However, some feminist scholars have also criticized the “add women and stir” scholarship that seeks to include women in political science by asking traditional questions and using traditional methods. How far it can radically alter the discipline is disputed. Its advocates argue that it destabilizes and challenges existing categories. Goertz and Mazur (2008, 7) claim that “the ‘add women and stir’ metaphor suggests that the result of the addition of gender is only minor. However, the key issue is what happens to the mix after stirring: if the mixture blows up, then the addition of gender is of importance.” Pamela Paxton (2008), for example, demonstrates that adding women’s suffrage as a variable to the categorization of democratic systems drastically changes regime classifications. But critics argue that problems including women in political science will remain because, as we have seen, many mainstream theories, categories, concepts, and practices are based on initial exclusion of women (Zerilli 2006, 107). Hence, it is based on narrow notions of how discrimination and structural inequalities work and cannot theorize the broader societal processes behind gender inequalities. Moreover, the narrow focus on women and sex differences often reflects an unexamined assumption that women constitute a unified category who are stable and coherent subjects with identifiable, shared interests. Only recently, for example, has research on the impact of quotas also looked at the impact on ethnic minority women (Hughes 2011). The inclusion project therefore remains unfinished and the discipline still has a great deal to learn about women in conventional politics.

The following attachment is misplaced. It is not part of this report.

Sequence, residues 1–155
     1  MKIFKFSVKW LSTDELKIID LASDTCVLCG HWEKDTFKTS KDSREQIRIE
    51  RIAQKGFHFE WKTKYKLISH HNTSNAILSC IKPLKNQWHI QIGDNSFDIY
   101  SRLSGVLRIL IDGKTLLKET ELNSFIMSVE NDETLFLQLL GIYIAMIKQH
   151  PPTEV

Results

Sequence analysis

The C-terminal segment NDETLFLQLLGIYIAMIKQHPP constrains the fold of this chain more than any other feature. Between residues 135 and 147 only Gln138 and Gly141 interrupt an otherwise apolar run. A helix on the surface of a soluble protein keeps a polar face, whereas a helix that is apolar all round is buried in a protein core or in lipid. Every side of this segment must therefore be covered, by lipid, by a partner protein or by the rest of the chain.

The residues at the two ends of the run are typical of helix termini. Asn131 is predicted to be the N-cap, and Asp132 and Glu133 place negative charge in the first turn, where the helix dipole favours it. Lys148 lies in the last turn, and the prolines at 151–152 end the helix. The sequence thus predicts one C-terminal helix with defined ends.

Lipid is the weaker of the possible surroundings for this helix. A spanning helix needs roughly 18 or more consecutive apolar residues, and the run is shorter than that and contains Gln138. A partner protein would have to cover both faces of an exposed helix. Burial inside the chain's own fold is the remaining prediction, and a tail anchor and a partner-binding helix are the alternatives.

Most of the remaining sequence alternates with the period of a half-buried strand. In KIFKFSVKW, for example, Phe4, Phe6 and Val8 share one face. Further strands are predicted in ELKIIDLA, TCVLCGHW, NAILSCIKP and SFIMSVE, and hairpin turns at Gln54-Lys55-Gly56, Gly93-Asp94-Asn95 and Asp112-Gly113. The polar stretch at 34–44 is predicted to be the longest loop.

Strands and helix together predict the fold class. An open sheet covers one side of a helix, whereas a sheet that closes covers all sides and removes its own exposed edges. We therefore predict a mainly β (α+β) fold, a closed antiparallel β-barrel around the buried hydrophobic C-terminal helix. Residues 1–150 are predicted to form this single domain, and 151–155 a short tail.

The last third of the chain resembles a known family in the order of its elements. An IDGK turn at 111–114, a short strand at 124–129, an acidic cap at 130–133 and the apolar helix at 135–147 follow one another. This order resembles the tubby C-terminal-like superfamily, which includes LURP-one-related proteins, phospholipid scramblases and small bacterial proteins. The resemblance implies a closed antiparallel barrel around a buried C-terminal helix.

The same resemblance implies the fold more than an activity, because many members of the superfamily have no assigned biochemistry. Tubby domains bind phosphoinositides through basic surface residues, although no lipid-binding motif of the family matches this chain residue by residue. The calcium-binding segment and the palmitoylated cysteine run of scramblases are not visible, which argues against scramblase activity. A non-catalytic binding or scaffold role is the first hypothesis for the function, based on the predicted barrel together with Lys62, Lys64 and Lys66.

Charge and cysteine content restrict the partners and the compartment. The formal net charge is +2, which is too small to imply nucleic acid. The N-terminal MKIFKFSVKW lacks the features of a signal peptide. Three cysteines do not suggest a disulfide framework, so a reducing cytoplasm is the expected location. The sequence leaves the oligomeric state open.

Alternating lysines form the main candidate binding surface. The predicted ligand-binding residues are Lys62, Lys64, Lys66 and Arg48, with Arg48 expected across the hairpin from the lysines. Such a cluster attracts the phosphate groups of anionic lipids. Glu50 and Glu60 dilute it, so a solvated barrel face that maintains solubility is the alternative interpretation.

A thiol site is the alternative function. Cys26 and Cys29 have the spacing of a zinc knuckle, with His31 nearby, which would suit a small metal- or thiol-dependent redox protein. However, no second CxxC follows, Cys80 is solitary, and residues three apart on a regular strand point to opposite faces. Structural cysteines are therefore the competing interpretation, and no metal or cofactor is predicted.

The Study of Women on Their Own Terms
Taking a different point of departure, other gender scholars have examined women in politics on their own terms. They are less concerned with (p. 12) sameness and difference between women and men within traditional political institutions and analyze women’s political activities and legal reform, institutions, and policy of concern to women as women, thereby bringing new areas of study into the discipline. One important body of work examines the diverse activities and ideas that are often thought of as feminist but has also studied women’s movements and organizations broadly construed. It demonstrates how feminist movements put important issues on to the political agenda and documents the diverse forms women’s organizations take and the wide range of issues they engage with (Katzenstein and Mueller 1987; Ferree and Martin 1995). This includes women’s organizing in developing countries (Basu 1994; Waylen 1996) as well as in Europe (Lovenduski and Randall 1993; Gelb 1996; Kaplan 1992). Examples of such research includes analyses of organizations like the National Organization of Women (NOW), which operated nationally throughout the United States to campaign for women’s equality from 1966 onward (Barakso 2004) or studies of the way gender, race, and class worked together to structure the civil rights movement (Simien 2011).